In addition, Bard has criticized the Middle Eastern Studies Association (MESA) for adopting a pro-Palestinian standpoint. Bard has also alleged that MESA marginalizes non-Israel-related topics including the Kurdish–Turkish conflict and the persecution of religious minorities like Christians and ethnic minorities that are non-Arabs such as Jews and Kurds. Finally, Bard has contended that since the September 11 attacks, the Arab lobby working through Middle Eastern Studies university departments have sought to influence pre-university education by tailoring education programs and resources to reflect a pro-Arabist agenda.
- Center for Arab and Middle Eastern Studies at the American University of Beirut
- Centre for Arab & Islamic Studies (Middle East & Central Asia), The Australian National University, Canberra, Australia
- Center for Contemporary Arab Studies at Georgetown University
- Center for Middle Eastern Studies at Metropolitan University Prague
- Center for Middle Eastern Studies at the University of Chicago
- Center for Middle Eastern Studies at the University of Arizona
- Center for Middle Eastern Studies at Lund University
- Middle East Studies Institute at Shanghai International Studies University, China
- Center for Middle Eastern and North African Studies at the University of Michigan
- Center for Modern Oriental Studies at Humboldt University in Berlin
- Center for Near and Middle Eastern Studies at Marburg University
- Department of African, Middle Eastern, and South Asian Languages and Literatures at Rutgers, the State University of New Jersey
- Institut français du Proche-Orient (IFPO), the French Institute for the Near East, in Damascus, Beirut and Amman
- Institute for Middle East Studies at George Washington University
- Institute of Arab and Islamic Studies at University of Exeter
- Institute of Middle East at Marmara University
- London Middle East Institute at School of Oriental and African Studies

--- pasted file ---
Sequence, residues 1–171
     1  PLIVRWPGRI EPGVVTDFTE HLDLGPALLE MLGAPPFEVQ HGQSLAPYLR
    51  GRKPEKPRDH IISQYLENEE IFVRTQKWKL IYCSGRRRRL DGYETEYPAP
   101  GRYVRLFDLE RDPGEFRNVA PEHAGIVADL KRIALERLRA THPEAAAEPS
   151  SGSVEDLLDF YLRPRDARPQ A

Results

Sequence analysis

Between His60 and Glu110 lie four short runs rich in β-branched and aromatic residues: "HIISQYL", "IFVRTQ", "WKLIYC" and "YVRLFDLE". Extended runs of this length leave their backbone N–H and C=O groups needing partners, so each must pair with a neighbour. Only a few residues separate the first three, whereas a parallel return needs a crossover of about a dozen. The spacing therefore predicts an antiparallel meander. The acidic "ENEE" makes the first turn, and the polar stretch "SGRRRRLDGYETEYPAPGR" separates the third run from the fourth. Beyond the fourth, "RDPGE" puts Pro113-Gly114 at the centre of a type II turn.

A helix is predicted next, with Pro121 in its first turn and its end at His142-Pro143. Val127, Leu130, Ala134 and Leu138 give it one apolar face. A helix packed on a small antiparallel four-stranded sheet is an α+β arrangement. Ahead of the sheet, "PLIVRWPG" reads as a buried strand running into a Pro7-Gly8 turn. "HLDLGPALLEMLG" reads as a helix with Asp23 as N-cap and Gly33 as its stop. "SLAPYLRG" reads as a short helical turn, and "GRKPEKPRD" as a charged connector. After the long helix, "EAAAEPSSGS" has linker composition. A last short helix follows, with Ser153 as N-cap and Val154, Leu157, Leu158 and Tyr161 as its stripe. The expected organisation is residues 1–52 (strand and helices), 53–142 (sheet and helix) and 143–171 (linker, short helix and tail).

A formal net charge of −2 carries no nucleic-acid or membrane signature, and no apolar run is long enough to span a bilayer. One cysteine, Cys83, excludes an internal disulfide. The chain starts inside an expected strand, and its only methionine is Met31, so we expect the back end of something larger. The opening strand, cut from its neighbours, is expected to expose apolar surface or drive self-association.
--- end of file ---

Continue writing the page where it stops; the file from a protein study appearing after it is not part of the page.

- Middle East Center at the University of Pennsylvania
- Middle East Center at the University of Washington Henry M. Jackson School of International Studies
- Middle Eastern and Islamic Studies at New York University
- Columbia University Department of Middle Eastern, South Asian, and African Studies
- Middle East/South Asian Studies Program at UC Davis
- Middle East Studies Center at The American University in Cairo
- Moshe Dayan Center for Middle Eastern and African Studies at Tel Aviv University
- Sakarya University Middle East Institute
- School of Oriental and African Studies at University of London
- Middle Eastern Studies at the University of Texas
- UCLA Center for Near East Studies
- Brigham Young University Jerusalem Center for Near Eastern Studies
- Department of Middle Eastern Studies at King's College London, University of London
- Center for Middle Eastern Studies at Harvard University
- The European Centre for Middle East Studies-ECMES
- Flemming Rose: Forsvar for en profession [Defence of a profession], interview with Prof. Robert Irwin, Jyllands-Posten, 12 April 2008, section 1, page 17 (accessed via Infomedia.dk and the newspaper's website)
- "Edward Said's Orientalism: Forty years later | Middle East | Al Jazeera". www.aljazeera.com. Retrieved 2019-01-09.
- Qrāmer, Marṭîn (2002). Ivory towers on sand the failure of Middle Eastern studies in America. Washington, DC: Washington Inst. for Near East Policy. ISBN 9780944029497. OCLC 249109890.
- Gause, F.G. (March–April 2009). "Who Lost Middle-Eastern Studies?". Foreign Affairs. Retrieved 4 December 2012.
- Dobbs, Michael (January 13, 2004). "Middle East Studies Under Scrutiny in U.S." Washington Post.
- Bard, Mitchell (2014). The arab lobby: the invisible alliance that undermines america's interests in the middle east. Place of publication not identified: HarperCollins e-Books. ISBN 9780061987618. Archived from the original on 2019-01-10. Retrieved 2019-01-09.
- Bard 2010, pp. 284; 306–11. sfn error: no target: CITEREFBard2010 (help)
- Bard 2010, p. 284. sfn error: no target: CITEREFBard2010 (help)
- Bard 2010, pp. 293–94; 307–08. sfn error: no target: CITEREFBard2010 (help)
- Bard 2010, pp. 295–97. sfn error: no target: CITEREFBard2010 (help)
- Bard 2010, pp. 284; 322–23. sfn error: no target: CITEREFBard2010 (help)